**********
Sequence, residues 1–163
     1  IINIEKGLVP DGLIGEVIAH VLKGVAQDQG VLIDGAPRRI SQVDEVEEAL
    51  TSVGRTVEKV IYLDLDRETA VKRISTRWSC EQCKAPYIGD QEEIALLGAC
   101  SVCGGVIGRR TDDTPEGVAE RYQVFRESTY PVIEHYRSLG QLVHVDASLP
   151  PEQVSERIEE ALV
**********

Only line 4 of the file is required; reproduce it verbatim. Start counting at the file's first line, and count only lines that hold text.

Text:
   101  SVCGGVIGRR TDDTPEGVAE RYQVFRESTY PVIEHYRSLG QLVHVDASLP